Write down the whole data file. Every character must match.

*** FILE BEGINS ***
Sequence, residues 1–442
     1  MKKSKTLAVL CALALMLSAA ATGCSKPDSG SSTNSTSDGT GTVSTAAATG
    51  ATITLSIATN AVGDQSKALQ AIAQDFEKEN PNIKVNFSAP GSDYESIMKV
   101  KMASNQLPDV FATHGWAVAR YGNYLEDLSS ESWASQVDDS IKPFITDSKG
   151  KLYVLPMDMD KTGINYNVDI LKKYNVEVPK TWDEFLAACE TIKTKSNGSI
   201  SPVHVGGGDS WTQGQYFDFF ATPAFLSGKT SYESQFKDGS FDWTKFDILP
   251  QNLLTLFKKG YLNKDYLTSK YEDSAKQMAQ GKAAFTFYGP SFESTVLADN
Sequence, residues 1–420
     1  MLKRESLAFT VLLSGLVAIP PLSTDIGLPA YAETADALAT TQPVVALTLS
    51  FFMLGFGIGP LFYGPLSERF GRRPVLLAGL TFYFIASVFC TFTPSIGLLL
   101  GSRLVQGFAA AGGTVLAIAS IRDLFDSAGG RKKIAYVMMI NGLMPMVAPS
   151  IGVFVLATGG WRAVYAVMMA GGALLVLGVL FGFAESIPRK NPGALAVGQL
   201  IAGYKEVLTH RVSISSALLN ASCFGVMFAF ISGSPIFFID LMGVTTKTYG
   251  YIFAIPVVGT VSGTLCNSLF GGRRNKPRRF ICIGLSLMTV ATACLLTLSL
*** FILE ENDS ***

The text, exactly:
Sequence, residues 1–442
     1  MKKSKTLAVL CALALMLSAA ATGCSKPDSG SSTNSTSDGT GTVSTAAATG
    51  ATITLSIATN AVGDQSKALQ AIAQDFEKEN PNIKVNFSAP GSDYESIMKV
   101  KMASNQLPDV FATHGWAVAR YGNYLEDLSS ESWASQVDDS IKPFITDSKG
   151  KLYVLPMDMD KTGINYNVDI LKKYNVEVPK TWDEFLAACE TIKTKSNGSI
   201  SPVHVGGGDS WTQGQYFDFF ATPAFLSGKT SYESQFKDGS FDWTKFDILP
   251  QNLLTLFKKG YLNKDYLTSK YEDSAKQMAQ GKAAFTFYGP SFESTVLADN
Sequence, residues 1–420
     1  MLKRESLAFT VLLSGLVAIP PLSTDIGLPA YAETADALAT TQPVVALTLS
    51  FFMLGFGIGP LFYGPLSERF GRRPVLLAGL TFYFIASVFC TFTPSIGLLL
   101  GSRLVQGFAA AGGTVLAIAS IRDLFDSAGG RKKIAYVMMI NGLMPMVAPS
   151  IGVFVLATGG WRAVYAVMMA GGALLVLGVL FGFAESIPRK NPGALAVGQL
   201  IAGYKEVLTH RVSISSALLN ASCFGVMFAF ISGSPIFFID LMGVTTKTYG
   251  YIFAIPVVGT VSGTLCNSLF GGRRNKPRRF ICIGLSLMTV ATACLLTLSL